In a world where exchanges are commercial operations, required to generate profits for their shareholders, they have to focus their attention on seeing their business grow. No longer can they simply follow the waves and cycles of their underlying business, comfortable in the knowledge that as member-owned co-operatives, they have no basic profit-earning requirement. Come rain or shine they are expected to generate profits to pay dividends to shareholders whose interest is financial, rather than members who care more about their ability to facilitate business than they do about seeing profit created by the exchange. In members’ eyes, those dividends are money taken out of their business, hence the gripes about fees we have seen from LME members in recent times.
So, what to do? Well, increasing the costs for users is one way to grow revenue, but of course it may backfire. Push costs too high, and the users will begin to think about their own profits and vote with their feet, maybe heading for an existing competitor, or maybe supporting the creation of a new alternative. There’s only so far the exchange can go down this road before it becomes counterproductive. A better route is probably to seek new users for existing products, or new products altogether. In the case of the LME, we see them making overtures to the high-frequency trading community, and to the untapped group of speculative traders we all believe are poised in China. The latter is an interesting study, which we’ve looked at a couple of times, but perhaps it’s worth looking at the first option, that of creating new products (and then it’s natural corollary).
The LME began life with copper and tin, and in the early years little was added. Then along came lead and zinc, and pig-iron. In more recent times, aluminium and nickel arrived, followed by aluminium alloys – AA and NASAAC – plastics, an index, cobalt, molybdenum and various iterations of steel. Of these, lead, zinc, aluminium and nickel have all become part of the furniture, as it were. They are all now an integral part of the LME’s product range, although they have had their difficult moments. Zinc was a favourite for a couple of well-known traders to serially squeeze in the late eighties and nineties and of course aluminium – particularly its storage – has caused furrowed brows in the consumer community. But the depth of the markets, and the importance of the LME price to the trade, has allowed such problems to be overcome.
They didn’t all develop successfully, though. Plastics, for example, came about because there was a number of influential people who thought that the way forward for the LME was to become the hedge market of choice for the automobile industry, and, well, plastics are a bit like metals, aren’t they? So why wouldn’t you devise a couple of plastics contracts for the London Metal Exchange? Actually, it was always a tough challenge, with close to zero industry knowledge and a product that is frankly a lot closer to the oil business than the metals business, but the exchange soldiered on, through day after day of virtually no trades and, as far as I was ever aware, no serious pricing interest. It was a long death, but eventually the exchange bit the bullet and called an end to it. The index contract looked like a good idea, but in the end the timing was wrong and it has aways struggled with the availability of proprietary indices which are more developed. It fizzles along, with a whimper not a bang; a good idea, but one that doesn’t work.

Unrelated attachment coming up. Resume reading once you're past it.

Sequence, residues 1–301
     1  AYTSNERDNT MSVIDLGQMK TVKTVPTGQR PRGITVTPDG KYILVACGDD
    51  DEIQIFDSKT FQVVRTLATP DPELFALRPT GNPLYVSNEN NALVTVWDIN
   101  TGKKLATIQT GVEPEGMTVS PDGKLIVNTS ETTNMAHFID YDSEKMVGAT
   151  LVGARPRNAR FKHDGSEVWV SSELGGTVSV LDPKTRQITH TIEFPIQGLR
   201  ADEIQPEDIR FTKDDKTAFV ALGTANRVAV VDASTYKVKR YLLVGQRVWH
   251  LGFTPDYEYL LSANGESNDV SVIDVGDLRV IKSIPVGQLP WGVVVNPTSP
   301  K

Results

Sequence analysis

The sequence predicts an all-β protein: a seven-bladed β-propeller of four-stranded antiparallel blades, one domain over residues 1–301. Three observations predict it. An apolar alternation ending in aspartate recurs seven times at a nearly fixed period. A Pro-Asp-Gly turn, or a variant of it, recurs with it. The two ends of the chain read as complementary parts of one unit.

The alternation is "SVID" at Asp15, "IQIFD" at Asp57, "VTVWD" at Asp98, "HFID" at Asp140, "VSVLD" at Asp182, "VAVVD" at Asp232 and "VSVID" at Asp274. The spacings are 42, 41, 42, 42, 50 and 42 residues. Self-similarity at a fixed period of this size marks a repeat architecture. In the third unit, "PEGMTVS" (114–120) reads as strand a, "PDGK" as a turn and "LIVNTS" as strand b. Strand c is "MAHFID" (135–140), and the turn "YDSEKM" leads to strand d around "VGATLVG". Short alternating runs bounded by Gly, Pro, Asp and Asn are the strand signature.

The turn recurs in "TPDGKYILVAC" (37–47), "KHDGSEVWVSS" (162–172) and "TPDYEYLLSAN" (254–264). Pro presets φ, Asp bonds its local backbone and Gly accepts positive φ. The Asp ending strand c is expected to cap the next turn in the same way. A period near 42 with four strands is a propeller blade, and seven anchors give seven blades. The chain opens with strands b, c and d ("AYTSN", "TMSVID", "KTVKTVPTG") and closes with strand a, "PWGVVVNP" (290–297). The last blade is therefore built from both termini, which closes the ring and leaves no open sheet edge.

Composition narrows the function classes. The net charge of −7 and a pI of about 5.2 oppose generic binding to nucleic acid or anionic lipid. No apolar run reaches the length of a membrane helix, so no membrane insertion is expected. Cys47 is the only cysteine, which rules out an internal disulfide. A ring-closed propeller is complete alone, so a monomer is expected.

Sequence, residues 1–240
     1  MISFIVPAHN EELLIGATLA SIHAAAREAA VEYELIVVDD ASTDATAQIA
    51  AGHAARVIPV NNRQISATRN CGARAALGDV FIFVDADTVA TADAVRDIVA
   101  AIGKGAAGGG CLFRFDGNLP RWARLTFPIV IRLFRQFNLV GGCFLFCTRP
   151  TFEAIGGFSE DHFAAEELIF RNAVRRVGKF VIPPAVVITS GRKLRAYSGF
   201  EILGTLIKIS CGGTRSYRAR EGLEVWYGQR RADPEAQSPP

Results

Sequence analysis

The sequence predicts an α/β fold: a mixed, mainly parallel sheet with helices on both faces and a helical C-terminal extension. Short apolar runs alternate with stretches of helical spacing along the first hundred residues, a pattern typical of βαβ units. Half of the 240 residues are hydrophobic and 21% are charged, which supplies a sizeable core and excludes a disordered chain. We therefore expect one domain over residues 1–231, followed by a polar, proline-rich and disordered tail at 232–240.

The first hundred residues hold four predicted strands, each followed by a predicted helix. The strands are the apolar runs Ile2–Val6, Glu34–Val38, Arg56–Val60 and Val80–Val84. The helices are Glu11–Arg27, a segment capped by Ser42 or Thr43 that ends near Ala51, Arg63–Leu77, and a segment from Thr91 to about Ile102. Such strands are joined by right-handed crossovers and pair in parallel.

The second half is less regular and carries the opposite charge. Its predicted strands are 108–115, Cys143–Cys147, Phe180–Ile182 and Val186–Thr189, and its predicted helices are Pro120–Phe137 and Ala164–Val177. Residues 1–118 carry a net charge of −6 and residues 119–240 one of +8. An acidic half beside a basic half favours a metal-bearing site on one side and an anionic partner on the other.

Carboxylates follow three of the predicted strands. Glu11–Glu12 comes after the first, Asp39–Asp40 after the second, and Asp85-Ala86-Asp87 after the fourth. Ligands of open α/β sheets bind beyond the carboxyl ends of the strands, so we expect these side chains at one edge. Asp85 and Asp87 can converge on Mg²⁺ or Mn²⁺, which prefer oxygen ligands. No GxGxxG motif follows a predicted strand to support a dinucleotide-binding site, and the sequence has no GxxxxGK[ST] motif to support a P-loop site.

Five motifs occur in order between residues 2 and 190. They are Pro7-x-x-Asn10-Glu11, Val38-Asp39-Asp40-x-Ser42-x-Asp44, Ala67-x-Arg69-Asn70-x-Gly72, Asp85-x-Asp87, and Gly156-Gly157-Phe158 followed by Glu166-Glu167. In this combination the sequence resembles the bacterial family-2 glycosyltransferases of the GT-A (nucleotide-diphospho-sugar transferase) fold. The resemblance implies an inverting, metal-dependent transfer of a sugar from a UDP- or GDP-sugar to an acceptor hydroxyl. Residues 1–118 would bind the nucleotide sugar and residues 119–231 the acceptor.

And that really brings us to my point. Instituting new products is a fine idea; obviously, they have to be properly researched, and that research has to show at least a fair probability of success, but I’d rather go for optimism than pessimism – try it, and see what happens. By and large, the LME are good with that and have the courage to try things. But they also need to show courage in accepting when they don’t work and scrapping them. Steel billet, for example, still lingers. With hindsight, it was always the wrong product; it needs to die, in order to allow the focus to be on reinforcing bar, which has a much better chance if success. Cobalt and molybdenum were brought into the fold at the same time. Cobalt may not trade a lot, but it does trade, and the LME price, although rarely used as a contract reference, does fit the market. Molybdenum, on the other hand, is the other way round – the price is used to a degree as a reference, and yet the contract barely trades. Wouldn’t it be better to put it out of its misery? Yes, there would have to be some kind of facility to migrate contracts onto another reference (probably Platts?), but then we could reach the natural end of a moribund contract.
The LME does many things very well. It remains the world’s premier metal market, a position it has maintained for many years. One of the reasons for that, I would suggest, is that it has been very clear about what it offers – a global contract for the most widely traded form of each of its metals. By all means create new contracts, some of which will work and join the success story. But when they don’t work – in other words, when the world doesn’t seem to want them – surely it’s better to be decisive rather than having unsuccessful products hanging around, diverting effort and indeed potentially damaging reputations. At the risk of offending some, I would suggest that it would not be unreasonable to look at aluminium premiums in this light, and possibly even consider how the alloy contracts might best go forward……..